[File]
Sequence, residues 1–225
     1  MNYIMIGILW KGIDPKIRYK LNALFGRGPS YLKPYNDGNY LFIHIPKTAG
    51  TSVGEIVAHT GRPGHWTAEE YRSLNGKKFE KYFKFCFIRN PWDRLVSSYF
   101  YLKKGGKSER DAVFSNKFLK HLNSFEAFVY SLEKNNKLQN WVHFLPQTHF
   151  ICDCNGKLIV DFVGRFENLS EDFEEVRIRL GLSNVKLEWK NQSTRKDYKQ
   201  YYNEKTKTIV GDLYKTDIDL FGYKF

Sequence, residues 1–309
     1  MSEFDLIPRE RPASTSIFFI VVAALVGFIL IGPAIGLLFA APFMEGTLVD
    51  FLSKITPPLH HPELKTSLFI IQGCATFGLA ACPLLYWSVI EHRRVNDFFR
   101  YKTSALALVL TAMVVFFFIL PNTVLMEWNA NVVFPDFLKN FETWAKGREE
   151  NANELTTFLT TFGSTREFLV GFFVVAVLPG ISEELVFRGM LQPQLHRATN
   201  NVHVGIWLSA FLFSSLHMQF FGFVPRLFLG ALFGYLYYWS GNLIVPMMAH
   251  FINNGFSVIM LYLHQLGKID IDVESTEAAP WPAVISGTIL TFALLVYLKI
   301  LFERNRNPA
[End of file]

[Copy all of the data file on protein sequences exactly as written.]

Sequence, residues 1–225
     1  MNYIMIGILW KGIDPKIRYK LNALFGRGPS YLKPYNDGNY LFIHIPKTAG
    51  TSVGEIVAHT GRPGHWTAEE YRSLNGKKFE KYFKFCFIRN PWDRLVSSYF
   101  YLKKGGKSER DAVFSNKFLK HLNSFEAFVY SLEKNNKLQN WVHFLPQTHF
   151  ICDCNGKLIV DFVGRFENLS EDFEEVRIRL GLSNVKLEWK NQSTRKDYKQ
   201  YYNEKTKTIV GDLYKTDIDL FGYKF

Sequence, residues 1–309
     1  MSEFDLIPRE RPASTSIFFI VVAALVGFIL IGPAIGLLFA APFMEGTLVD
    51  FLSKITPPLH HPELKTSLFI IQGCATFGLA ACPLLYWSVI EHRRVNDFFR
   101  YKTSALALVL TAMVVFFFIL PNTVLMEWNA NVVFPDFLKN FETWAKGREE
   151  NANELTTFLT TFGSTREFLV GFFVVAVLPG ISEELVFRGM LQPQLHRATN
   201  NVHVGIWLSA FLFSSLHMQF FGFVPRLFLG ALFGYLYYWS GNLIVPMMAH
   251  FINNGFSVIM LYLHQLGKID IDVESTEAAP WPAVISGTIL TFALLVYLKI
   301  LFERNRNPA